Tuesday, May 26, 2009

Living the Sweet Life in Paris: Playing ketchup

I keep falling behind on the cookbook reviewing, the ostensible reason for this whole blog.

Living the Sweet Life in Paris: so far excellent. I need to spend an afternoon reading David Lebovitz's memoir cover to cover, because I think it is meant to be read as much as cooked from. The bits I've read have been amusing and kind of raunchy, though it might be my imagination. I'll get back to you on that.

The recipes seem to be equally divided between twists on French standards (chocolate chip cream puffs) and sentimental favorites from back in the States (ribs) that Lebovitz cooks to show snotty Parisians what they're missing.

The other night I made his pork ribs, the sauce for which contains ketchup, much sneered at by the French. Maybe a little too much going on in that sauce. In addition to the ketchup: rum, molasses, soy, ginger, chili paste. The ribs couldn't quite decide if they were Asian or down home, but everyone enjoyed them, especially Owen, who likes anything on a bone. 

We ate the ribs with Lebovitz's yummy, crunchy peanut slaw, which I made with red cabbage. I asked Husband what he thought of the cole slaw.

Husband: Not as good as cole slaw.

Tipsy: But it IS cole slaw.

Husband: No, coleslaw is white cabbage with mayonnaise.

Monday night for dinner we had Lebovitz's carnitas which were fabulous, albeit not quite as fabulous as Jennifer McLagan's carnitas on account of the cinnamon stick. Don't like cinnamon in carnitas. Still, shredded caramelized pork shoulder is shredded caramelized pork shoulder and it's hard to beat. I hope the French people to whom Lebovitz serves this are suitably awestruck. (His recipe is here; I tripled the cumin.)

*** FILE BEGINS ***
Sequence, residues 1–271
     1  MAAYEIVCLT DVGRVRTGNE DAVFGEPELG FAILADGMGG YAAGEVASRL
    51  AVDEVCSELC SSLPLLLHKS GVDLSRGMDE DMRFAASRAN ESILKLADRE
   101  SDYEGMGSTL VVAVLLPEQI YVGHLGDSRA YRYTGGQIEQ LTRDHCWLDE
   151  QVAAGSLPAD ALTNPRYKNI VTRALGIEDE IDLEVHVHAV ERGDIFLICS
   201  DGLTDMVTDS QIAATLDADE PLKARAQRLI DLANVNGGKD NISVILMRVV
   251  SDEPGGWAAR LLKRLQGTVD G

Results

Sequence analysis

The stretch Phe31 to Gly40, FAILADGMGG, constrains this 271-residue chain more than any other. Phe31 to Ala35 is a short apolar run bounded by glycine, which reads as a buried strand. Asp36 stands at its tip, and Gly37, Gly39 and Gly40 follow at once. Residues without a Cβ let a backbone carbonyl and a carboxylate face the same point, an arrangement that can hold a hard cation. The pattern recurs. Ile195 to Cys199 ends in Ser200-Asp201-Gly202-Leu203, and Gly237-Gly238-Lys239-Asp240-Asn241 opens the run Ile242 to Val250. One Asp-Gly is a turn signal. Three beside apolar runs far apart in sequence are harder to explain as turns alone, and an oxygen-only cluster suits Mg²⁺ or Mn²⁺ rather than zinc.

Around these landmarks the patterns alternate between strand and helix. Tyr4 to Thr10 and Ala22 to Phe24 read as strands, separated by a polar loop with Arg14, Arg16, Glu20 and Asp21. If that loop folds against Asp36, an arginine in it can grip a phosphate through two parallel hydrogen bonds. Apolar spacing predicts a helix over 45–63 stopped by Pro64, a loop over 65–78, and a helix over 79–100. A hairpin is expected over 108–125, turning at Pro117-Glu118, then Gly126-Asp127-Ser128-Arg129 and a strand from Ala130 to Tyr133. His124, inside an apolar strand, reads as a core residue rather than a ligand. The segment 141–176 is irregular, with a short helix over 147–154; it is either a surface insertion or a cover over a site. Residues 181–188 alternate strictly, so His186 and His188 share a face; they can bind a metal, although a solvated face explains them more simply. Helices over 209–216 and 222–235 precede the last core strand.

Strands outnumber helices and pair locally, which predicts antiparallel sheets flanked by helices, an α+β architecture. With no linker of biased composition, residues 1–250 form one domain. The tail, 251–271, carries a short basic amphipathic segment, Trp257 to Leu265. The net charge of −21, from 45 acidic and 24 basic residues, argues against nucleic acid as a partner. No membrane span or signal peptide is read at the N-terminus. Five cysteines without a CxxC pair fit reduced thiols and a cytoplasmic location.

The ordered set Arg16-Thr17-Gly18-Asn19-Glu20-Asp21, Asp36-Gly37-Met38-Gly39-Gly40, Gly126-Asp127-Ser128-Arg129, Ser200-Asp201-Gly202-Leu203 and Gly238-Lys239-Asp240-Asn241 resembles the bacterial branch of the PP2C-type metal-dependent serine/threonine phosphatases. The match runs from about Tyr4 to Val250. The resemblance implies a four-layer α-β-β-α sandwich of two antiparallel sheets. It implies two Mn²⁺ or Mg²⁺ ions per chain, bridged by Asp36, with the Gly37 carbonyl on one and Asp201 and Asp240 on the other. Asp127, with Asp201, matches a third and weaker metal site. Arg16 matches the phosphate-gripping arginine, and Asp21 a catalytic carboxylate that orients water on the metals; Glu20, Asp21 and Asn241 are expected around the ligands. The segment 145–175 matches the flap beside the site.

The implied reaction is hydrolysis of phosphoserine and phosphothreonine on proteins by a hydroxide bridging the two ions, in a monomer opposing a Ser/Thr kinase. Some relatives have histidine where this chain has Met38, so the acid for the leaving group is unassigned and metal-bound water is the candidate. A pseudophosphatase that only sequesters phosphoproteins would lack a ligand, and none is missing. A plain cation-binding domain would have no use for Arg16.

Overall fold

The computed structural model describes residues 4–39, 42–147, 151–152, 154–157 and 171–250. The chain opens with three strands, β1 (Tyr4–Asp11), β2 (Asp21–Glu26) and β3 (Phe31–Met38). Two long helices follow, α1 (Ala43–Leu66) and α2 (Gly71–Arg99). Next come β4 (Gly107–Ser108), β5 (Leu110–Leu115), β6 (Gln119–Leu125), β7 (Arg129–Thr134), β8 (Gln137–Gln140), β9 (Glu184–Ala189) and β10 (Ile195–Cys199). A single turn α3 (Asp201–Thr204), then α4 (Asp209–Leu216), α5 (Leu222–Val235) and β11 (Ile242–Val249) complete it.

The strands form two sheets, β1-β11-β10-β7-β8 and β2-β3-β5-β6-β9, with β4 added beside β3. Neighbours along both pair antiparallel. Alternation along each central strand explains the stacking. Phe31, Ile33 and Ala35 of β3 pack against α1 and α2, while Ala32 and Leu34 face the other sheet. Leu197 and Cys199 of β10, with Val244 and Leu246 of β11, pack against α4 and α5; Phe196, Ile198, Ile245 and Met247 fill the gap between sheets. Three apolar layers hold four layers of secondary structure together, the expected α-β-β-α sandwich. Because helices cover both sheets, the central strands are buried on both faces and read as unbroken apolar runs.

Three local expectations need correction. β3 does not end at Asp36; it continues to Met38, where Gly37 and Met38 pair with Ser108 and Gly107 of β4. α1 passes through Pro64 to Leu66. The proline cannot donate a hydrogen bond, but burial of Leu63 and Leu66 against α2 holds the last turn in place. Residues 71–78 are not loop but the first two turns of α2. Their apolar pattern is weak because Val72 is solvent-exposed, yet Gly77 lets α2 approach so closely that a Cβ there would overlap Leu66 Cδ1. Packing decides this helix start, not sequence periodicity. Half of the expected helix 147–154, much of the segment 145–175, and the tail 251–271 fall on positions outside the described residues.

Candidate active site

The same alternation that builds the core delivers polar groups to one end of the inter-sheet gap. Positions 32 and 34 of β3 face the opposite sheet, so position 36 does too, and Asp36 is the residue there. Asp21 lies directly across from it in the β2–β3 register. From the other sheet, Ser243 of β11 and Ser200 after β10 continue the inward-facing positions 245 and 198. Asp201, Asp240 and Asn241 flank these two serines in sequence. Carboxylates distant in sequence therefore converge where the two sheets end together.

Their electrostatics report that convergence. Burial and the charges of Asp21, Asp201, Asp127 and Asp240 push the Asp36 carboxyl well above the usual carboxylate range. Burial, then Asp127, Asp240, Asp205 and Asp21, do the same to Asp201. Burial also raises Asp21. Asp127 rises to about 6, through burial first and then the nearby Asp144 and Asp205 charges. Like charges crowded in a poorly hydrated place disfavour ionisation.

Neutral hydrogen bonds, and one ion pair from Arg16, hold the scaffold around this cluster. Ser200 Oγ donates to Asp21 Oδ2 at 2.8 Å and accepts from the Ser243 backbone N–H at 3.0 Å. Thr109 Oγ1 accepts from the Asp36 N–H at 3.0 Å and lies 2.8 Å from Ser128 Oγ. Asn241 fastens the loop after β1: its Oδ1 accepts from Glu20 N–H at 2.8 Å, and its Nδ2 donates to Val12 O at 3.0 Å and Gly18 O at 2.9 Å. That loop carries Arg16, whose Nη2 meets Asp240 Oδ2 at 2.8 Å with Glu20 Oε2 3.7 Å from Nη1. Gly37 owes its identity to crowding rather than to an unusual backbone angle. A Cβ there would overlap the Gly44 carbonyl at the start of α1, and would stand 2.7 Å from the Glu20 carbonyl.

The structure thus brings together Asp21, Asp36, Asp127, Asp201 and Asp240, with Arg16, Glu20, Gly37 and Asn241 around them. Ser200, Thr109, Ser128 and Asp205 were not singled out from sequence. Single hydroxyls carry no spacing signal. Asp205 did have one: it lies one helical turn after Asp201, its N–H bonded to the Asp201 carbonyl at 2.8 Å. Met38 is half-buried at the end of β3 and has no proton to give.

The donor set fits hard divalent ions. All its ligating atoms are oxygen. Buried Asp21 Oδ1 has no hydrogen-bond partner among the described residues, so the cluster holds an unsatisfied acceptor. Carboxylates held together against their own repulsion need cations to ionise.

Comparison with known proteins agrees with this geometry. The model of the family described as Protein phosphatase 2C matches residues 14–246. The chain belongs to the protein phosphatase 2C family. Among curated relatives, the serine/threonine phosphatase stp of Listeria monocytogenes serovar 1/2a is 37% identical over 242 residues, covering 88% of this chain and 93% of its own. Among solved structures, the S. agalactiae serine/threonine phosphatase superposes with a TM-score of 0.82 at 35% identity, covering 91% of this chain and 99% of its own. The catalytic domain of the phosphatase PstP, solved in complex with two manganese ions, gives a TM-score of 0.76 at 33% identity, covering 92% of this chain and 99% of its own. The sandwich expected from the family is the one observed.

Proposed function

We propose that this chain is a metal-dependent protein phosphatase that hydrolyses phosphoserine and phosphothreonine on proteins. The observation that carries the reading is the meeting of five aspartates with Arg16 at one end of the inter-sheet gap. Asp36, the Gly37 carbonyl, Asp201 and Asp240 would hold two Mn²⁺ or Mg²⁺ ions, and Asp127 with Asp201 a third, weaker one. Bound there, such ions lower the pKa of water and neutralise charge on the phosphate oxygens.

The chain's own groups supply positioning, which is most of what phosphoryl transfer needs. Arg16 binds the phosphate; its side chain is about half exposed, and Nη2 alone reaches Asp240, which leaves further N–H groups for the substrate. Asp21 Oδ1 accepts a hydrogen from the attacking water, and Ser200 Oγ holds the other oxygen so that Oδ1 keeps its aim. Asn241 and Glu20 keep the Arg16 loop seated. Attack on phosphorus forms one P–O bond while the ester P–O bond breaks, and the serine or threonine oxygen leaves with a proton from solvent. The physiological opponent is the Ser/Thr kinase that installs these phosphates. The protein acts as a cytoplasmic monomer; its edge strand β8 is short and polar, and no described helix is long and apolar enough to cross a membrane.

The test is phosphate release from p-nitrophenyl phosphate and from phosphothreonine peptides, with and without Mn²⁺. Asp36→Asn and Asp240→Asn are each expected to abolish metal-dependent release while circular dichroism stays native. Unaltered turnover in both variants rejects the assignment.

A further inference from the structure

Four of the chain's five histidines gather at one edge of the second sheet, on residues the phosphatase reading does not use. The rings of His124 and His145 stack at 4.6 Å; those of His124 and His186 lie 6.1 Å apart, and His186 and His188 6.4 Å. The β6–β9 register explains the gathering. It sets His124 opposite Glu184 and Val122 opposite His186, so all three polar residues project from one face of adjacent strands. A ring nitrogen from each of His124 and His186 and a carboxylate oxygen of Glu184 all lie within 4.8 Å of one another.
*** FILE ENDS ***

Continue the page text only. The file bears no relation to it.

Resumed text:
Dessert: Breton buckwheat cake. Heidi Swanson featured this smashing recipe at 101 Cookbooks, and I agree with everything she says. As it turns out, we didn't have any buckwheat flour, but I did have a brand-new bag of teff* flour, so I used that instead, per Swanson's suggestion. If I could get away with writing things like "this cake made me swoon," I would. But I can't. I loved it a lot. Breton teff cake -- buttery, dense, redolent of cinnamon and rum**-- would be on my list of top twenty cakes, if I had one. 

I asked Husband what he thought of the cake.

Husband: Not as good as cake.

Discussion ensued. Turns out my whole family believes that a cake, by definition, has frosting, even if it comes from a can.

I worry that I make my husband out to be a pill. I do. He is. But he does have a few good qualities. He shouts during sporting events even on TV, looks for my glasses when I lose them, hates the chickens (he calls them "the turkeys") but has cheerfully taken over the job of building their future nesting boxes. He buys people (including his mother-in-law) the most thoughtful presents and never buys anything for himself. Which is sad. He calls Isabel "Freckle-face Jones," has gracefully accepted that Owen will never be an athlete, and makes them both waffles when I would give them cold cereal. Like right this second. I completely trust him to do the right thing when it matters because he always has. He's also really funny. He just doesn't like to eat. 

*Teff is a grain common in Ethiopia and often used to make injera, the sour, spongy flatbread you get at Ethiopian restaurants. I've been working my way through the flour and sweetener section at Whole Foods. Everyone needs a hobby.